KARACHI: Just as in the past, the stakeholders and retailers of vegetables have ganged up to give a tough time to consumers, already groaning under the high food prices.
The vegetable traders have already started hoarding greens to reap huge profits as demand swells ahead of Eidul Azha for making various dishes from sacrificial animal meat. However, they come up with such excuses as the soaring transport cost because of repeated increases in diesel and CNG prices coupled with fewer trucks available as most such vehicles get engaged in transportation of sacrificial animals, to justify the hike.
The prices of most sought-after items for the ‘big’ Eid — onion, ginger, garlic and tomato — have started rising.
The role of the city government is confined just to issuing daily rates and leaving the consumers at the mercy of shopkeepers. The city administration does not spend any time checking the real cause of price hike either — artificial shortages or stockpiling by both retailers and wholesalers.
Bread price hiked for a second time this year
For instance, onion now costs Rs60-70 per kg versus Rs40-50 of a few days back while tomato prices hover between Rs60 and 80 per kg as against Rs50 per kg.
Ginger and garlic now sell at Rs400 and Rs320 per kg as compared to Rs320 and Rs280 per kg. The prices of other items, whose demand remains subdued during Eid, are also going up. For example, turai (ridge gourd) is selling at Rs140-150 per kg as against earlier Rs100-120 per kg.
Loki (bottle gourd) can be purchased at Rs120 as compared to Rs80-100 per kg.
With a slight increase of Rs10-20 per kg, cabbage (bund gobhi) and Shimla mirch (capsicum) are now sold at Rs80 and Rs120 per kg, respectively.
Chairman of the Falahi Anjuman Wholesale Vegetable Market New Sabzi Mandi on the Superhighway, Haji Shahjehan, while ruling out any stockpiling by the stakeholders before Eid, said hoarding is not possible in perishable or green vegetables.
He said: “Balochistan onion crop is currently feeding the entire country, thus resulting in pushing up its wholesale rate to Rs50 per kilo from Rs35 of a few days back.”
The same situation exists in tomato whose price ranges from Rs40 to 50 per kg as compared to Rs25-30 per kg of a few days back. Green chilli price went up to Rs80-100 per kg from Rs50-60 per kg, he added.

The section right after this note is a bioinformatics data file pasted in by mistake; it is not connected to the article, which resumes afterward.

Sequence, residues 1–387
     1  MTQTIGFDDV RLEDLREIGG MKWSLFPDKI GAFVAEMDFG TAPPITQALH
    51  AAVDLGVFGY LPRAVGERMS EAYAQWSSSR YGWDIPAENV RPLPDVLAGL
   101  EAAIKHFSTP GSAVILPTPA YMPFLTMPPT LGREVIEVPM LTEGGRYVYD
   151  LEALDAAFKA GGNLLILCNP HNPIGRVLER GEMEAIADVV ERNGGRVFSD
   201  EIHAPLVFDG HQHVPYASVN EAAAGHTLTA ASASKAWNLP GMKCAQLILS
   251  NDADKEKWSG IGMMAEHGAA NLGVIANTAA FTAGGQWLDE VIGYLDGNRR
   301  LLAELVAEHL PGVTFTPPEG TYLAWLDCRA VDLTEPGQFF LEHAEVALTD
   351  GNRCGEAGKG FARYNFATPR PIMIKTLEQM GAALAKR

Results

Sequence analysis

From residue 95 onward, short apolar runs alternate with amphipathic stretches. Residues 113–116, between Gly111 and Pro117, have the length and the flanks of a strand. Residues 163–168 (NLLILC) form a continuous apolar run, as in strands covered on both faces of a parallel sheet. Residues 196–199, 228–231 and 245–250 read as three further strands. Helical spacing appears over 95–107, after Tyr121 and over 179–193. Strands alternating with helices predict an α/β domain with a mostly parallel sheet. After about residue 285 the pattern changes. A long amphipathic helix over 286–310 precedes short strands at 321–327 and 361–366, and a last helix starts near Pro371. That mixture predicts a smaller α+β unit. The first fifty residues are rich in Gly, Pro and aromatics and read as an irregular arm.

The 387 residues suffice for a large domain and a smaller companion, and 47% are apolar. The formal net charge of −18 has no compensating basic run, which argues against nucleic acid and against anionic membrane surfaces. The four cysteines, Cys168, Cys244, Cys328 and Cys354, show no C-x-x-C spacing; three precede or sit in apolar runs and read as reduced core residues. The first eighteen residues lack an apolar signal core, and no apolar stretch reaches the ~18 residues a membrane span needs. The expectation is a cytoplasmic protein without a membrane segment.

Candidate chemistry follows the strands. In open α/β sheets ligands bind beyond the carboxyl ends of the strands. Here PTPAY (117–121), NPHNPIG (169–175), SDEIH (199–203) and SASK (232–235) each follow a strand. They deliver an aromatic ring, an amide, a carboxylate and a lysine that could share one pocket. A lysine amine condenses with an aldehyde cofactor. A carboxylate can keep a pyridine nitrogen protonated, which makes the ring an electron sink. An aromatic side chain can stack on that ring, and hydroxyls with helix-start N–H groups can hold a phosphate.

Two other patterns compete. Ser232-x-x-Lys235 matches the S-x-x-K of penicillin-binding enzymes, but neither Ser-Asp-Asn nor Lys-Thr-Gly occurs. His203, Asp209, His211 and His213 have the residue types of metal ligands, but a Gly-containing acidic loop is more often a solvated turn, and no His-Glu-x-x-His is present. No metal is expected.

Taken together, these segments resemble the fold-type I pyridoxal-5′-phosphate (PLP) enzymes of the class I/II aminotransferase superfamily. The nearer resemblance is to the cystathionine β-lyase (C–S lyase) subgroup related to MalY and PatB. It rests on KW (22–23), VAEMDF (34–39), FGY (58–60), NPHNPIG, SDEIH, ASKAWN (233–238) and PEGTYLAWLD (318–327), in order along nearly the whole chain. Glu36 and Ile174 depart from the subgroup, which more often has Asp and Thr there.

He said Chinese ginger’s wholesale price hovers between Rs250 and 280 per kg which was Rs200-220 per kg while Iranian garlic sells at Rs180-240, up by Rs30-40 per kg. The rupee devaluation can also be blamed for jacking up prices of imported vegetables.
He said most transporters had been involved in bringing in sacrificial animals for the last 15-20 days. “In case some transporters are available, they demand very high fares for hauling vegetables. Besides, the recent rains in various parts of the country have also played havoc with the prices.”
Second price jump in bread
Bread makers on Friday gave a second price shock to the consumers ahead of Eidul Azha by raising the prices by nine per cent. They gave an over eight per cent price jerk just ahead of Ramazan this year.
As per the new price list issued by the Karachi Bread Association (KBA), consumers would pay Rs35 and Rs36 for mini-bread (plain and milky) instead of Rs30 and Rs31.
The rates of small, plain and milky breads have been pushed up to Rs55 and Rs56 from Rs50 and Rs51 while the large plain bread would be sold at Rs100 as compared to Rs90.
A cut burger bun and special burger bun pack of four pieces would be available at Rs50 and Rs55 as compared to Rs45 and Rs50, respectively.
While maintaining the school bun rate at Rs10, bread makers raised the price of burger roll to Rs17 from Rs15 followed by bran bread and pillow pack rusk pack prices to Rs80 and Rs70 from Rs70 and Rs 60, respectively.
KBA general secretary Haroon Iqbal attributed the price hike to a 43 per cent increase in gas tariff, 15pc in polythene bags, 10pc in flour and power tariff and frequent jumps in transport cost on account of diesel and other fuel prices from March 2019 till to date. He said sugar now costs Rs72 per kg versus Rs51 per kg in December 2018.
The cumulative cost impact on bread and other items comes to 23pc from January 2019 to date based on various charges relating to utility bills, transport cost, sugar, polythene bag and flour rates, but bread makers, instead of giving a big hit to consumers, had first increased prices by 8.1pc in April and nine per cent on Aug 9, he said.
Published in Dawn, August 11th, 2019